Not my senior colleague.  He prattled on until the buyer’s eyes started to glaze over as he looked at his watch and shuffled some papers. Even then my colleague didn’t take the hint until we were courteously but firmly shown the door.  My colleague appeared satisfied with this result and said that we would meet again in a couple of months time etc etc etc and off we went. 

The moral of the story?  Not only do we need to ask questions and then listen but we also need to keep a very close eye on how the buyer reacts to information. 

In fact I was given a great mnemonic this week to ensure that we do just that.  It is: 

·      AIDA 

which stands for Awareness, Interest, Desire, Action those being the stages through which any buyer would pass during the sales pitch.  That is would IDEALLY pas. 

The initial route is to ask relevant questions to elicit, if at all possible, the level of need on the part of the buyer followed by at least a modicum of information to create the awareness of your product or service, always answering the WIIFM (what’s in it for me?) question.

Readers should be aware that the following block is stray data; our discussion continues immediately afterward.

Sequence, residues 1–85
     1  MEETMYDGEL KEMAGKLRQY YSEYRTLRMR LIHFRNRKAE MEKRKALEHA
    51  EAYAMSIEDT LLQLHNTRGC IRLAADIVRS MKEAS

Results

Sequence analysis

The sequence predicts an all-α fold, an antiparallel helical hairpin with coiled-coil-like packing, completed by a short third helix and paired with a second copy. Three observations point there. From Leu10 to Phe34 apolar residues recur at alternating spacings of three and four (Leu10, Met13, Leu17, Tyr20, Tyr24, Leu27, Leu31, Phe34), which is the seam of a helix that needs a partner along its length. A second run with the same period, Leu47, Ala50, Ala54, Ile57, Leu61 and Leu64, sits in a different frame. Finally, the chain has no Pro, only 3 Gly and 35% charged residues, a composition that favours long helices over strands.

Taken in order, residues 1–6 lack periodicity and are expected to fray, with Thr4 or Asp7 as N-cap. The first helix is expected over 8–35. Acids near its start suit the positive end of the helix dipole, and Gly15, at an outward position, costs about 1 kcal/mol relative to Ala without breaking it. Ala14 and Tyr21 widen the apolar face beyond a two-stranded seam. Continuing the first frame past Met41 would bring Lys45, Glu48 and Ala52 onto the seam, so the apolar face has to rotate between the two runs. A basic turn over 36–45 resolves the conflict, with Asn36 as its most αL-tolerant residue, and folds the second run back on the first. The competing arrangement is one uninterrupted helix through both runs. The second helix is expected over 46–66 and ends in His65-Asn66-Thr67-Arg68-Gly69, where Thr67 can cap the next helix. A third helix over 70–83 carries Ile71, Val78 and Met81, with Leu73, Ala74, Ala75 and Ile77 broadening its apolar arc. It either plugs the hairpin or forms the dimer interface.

At this stage we need to look out for expressions of interest and ideally expressions of desire (that would do the job, it sounds just right for us, how much?) and so on. 

Finally there is the action phase and surprisingly that seems to be the one which gives so many sales people the biggest problems.   

Heaven protect us from those sales people who create great relationships and don’t ever close them out. In the end, we have to Ask For The Order (another acronym - AFTO) and there are many ways in which to do that.